Khan and Ahmed do not address why these future capabilities would be more threatening to Pakistan than India’s current arsenal of land-based missiles, particularly the Prithvi (I-III) and the Agni (I-IV) series. This is an important omission considering that existing missiles already enable India to securely target much of Pakistan. With this in mind, it seems that the authors dismissed the ignore option too quickly because matching Indian capabilities, even at a slower pace, might add little to Pakistan’s security, while further aggravating the security dilemma.
Given these factors, one could argue with Khan and Ahmed’s contention that the tortoise option is a stable path for Pakistan to adopt. It could make sense for Pakistan to allow India to pursue the expensive proposition of developing MIRVs while opting not to do so itself, because India is highly unlikely to use such capabilities against Pakistan. Moreover, New Delhi remains unlikely to contemplate a ‘splendid first-strike’ against Pakistan because Islamabad is sufficiently prepared to launch a nuclear response. Thus, matching Indian capabilities, even over time, might provide few security benefits while further aggravating the security dilemma. From this perspective, maintenance of the status quo – and deploying crucial resources toward other priorities – could better enhance Pakistan’s security than the pursuit of MIRVs.
Shadow of the near future
That Pakistan’s strategic modernisation will respond to Indian advances is no surprise. However, what form this will take is anybody’s guess. This is a classic security dilemma scenario, where the defensive developments of each state breeds insecurity on the other side. Sino-Pakistan cooperation with regard to MIRVs or the exquisite ISR capabilities needed for effective counter-force targeting would do little to improve Islamabad’s security while deepening Washington and New Delhi’s strategic embrace. As India and Pakistan increasingly depend on their strategic partners to assert power in the Indian Ocean region, such relationships are likely to be extremely consequential for the stability of the region in the near future. India and Pakistan’s strategic modernisations thus cannot be seen in a vacuum. They have important implications for regional and global stability. The endgame here for the actors involved should thus not just be strategic stability in the subcontinent, but a semblance of stability in the balance of power in the larger game between the US and China. If recent developments in the region are anything to go by, this isn’t anywhere close to happening.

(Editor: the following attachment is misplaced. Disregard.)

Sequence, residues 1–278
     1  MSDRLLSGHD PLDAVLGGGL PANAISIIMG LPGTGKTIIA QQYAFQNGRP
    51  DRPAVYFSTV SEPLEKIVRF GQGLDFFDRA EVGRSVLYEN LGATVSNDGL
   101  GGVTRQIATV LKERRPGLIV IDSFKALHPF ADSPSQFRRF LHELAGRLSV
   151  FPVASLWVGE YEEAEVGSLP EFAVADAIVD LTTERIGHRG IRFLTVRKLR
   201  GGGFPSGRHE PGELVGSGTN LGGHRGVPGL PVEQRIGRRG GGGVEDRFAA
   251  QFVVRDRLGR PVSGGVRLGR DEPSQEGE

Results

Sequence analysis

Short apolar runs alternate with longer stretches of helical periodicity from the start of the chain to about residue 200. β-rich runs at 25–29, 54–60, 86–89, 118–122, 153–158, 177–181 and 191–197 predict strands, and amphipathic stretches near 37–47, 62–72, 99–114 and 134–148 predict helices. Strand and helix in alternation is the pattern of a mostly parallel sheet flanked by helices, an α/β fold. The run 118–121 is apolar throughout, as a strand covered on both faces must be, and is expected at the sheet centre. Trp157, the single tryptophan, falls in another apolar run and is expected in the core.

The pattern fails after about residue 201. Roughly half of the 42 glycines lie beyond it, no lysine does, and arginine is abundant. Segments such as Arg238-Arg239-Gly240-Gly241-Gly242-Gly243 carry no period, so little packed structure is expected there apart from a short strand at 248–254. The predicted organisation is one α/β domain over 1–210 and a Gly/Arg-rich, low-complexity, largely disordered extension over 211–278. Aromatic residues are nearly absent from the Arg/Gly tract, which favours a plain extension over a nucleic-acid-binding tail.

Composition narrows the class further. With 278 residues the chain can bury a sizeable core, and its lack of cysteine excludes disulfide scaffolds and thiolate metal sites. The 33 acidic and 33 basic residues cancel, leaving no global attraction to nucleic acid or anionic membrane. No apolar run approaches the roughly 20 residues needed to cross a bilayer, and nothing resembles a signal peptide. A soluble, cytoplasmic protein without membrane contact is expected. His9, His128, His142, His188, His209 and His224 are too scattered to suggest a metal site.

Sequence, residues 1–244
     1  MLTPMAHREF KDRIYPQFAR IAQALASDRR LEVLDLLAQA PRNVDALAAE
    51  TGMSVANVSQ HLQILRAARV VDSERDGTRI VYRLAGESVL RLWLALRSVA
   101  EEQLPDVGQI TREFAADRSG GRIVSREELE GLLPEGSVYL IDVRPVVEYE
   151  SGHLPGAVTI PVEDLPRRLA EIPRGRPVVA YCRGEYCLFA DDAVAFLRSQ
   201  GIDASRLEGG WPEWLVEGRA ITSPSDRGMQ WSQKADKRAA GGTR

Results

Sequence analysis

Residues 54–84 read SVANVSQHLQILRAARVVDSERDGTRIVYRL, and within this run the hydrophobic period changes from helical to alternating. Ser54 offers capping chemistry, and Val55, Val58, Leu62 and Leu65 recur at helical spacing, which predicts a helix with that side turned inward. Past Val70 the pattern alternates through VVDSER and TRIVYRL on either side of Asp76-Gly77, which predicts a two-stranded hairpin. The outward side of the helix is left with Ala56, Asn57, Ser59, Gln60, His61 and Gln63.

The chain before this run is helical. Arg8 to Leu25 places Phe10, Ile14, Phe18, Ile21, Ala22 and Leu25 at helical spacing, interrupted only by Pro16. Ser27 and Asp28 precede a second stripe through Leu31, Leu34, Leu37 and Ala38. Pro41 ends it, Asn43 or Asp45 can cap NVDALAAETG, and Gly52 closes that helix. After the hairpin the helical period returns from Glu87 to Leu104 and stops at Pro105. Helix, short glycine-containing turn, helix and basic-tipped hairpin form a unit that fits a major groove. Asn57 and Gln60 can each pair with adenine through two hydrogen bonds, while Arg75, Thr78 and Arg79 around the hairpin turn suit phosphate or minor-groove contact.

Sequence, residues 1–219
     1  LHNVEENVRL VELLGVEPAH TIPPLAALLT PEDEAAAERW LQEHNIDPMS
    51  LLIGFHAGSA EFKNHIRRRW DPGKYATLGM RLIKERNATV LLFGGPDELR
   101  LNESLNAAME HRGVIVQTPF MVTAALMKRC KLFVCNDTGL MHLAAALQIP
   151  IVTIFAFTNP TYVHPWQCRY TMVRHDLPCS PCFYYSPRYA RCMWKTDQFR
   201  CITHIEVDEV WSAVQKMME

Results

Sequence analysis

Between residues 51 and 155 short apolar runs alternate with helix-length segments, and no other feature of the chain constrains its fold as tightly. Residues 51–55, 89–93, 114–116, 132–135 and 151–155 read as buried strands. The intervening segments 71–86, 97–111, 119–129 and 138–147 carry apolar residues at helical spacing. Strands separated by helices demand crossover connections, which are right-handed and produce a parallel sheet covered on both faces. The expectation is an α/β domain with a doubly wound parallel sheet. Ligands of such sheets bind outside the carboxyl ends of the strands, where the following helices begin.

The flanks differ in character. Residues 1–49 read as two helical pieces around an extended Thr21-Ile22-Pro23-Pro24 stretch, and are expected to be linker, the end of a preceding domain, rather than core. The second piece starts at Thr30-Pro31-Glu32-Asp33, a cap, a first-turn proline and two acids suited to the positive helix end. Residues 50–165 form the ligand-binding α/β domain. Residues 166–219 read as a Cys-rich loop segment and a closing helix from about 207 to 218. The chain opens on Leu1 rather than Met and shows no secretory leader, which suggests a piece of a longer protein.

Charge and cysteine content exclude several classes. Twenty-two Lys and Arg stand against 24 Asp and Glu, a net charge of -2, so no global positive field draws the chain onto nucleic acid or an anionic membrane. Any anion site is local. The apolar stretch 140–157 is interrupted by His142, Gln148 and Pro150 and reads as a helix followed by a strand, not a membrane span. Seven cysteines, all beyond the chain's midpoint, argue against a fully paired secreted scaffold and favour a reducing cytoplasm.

Debak Das is a PhD student at the Department of Government, Cornell University. A version of this piece originally appeared at South Asian Voices (@SAVoices), an online platform for strategic analysis and debate hosted by the Stimson Center.